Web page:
Ok, so Amarillo has a pizza joint, I thought as we left 575 Pizzeria. But that’s not that unusual. This is still Amarillo, and we know it’s all steaks and potatoes in the panhandle, right?
The next morning, before heading out for a day of hiking around Palo Duro Canyon, Brooke insisted that we start the day off right with breakfast at Blue Front Oyster Bar & Café, near downtown Amarillo.
“The place has been around nearly 70 years,” she told us. “They serve homestyle breakfasts all day, but they’re also known for their Blue Point oysters—charbroiled and served with butter and cheese.”
We laughed at how different our breakfast orders were. Andy ordered the hearty Texas omelet, made with three eggs, bacon and sausage; Brooke had huevos rancheros with a spicy ranchero sauce; meanwhile, Aubrey and I, unable to decide, shared the Blue Front breakfast burrito (stuffed with sausage, eggs, hashbrowns, bright grilled peppers, onions and gooey American cheese) and a long stack—that’s three—of fluffy pancakes that we topped with a dollop of butter and a splash of maple syrup.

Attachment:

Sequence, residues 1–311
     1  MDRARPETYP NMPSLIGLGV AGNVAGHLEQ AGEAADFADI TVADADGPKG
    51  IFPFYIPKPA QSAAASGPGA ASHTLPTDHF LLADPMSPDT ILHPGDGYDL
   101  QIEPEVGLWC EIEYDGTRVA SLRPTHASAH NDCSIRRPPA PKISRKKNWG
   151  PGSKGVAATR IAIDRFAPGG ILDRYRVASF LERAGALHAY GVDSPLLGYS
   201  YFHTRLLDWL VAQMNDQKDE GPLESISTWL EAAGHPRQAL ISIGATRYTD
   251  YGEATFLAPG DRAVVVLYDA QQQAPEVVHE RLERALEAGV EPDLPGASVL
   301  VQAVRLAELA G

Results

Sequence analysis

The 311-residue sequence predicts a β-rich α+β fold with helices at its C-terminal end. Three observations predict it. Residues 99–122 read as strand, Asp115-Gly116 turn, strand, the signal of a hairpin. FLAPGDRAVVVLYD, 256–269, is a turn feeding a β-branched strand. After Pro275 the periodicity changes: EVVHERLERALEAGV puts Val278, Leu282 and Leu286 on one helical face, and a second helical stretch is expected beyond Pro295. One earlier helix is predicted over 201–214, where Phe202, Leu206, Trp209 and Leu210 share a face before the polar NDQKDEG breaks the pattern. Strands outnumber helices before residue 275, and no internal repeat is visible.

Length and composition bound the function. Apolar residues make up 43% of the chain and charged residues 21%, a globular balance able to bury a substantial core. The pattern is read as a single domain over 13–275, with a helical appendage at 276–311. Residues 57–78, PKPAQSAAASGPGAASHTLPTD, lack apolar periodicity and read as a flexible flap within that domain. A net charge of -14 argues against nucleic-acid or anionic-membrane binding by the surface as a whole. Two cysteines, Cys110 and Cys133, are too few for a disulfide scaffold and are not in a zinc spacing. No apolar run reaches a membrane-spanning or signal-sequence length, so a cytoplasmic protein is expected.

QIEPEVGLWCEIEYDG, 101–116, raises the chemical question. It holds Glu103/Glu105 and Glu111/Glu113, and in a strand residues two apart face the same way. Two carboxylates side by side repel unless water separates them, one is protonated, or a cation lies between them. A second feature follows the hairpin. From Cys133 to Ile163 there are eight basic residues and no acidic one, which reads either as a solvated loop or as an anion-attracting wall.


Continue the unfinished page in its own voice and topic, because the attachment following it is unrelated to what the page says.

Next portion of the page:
The one thing we all agreed upon was Blue Front’s killer Bloody Mary, a robust red mix that we gussied up at the self-serve bar, where we selected our own mix of garnishes.
Whether it was the day of hiking through Texas’ backcountry, the friendly staff or premium ingredients—or a combination of all three—our dinner selections at Bangkok Tokyo that evening proved to be some truly delicious Asian cuisine. After an appetizer of salted edamame and simultaneously crispy and velvety cream cheese wontons, we collectively feasted on Chicken Pad Kee Mao, with sliced carrots as well as crunchy bamboo shoots and peanuts; authentic Pad Thai with flavorful green onions; shrimp fried rice with bright green broccoli and juicy shrimp with fried egg; incredible pineapple curry with red and green peppers and a distinctive curry broth; and soft shell crap tempura with a sesame dipping sauce.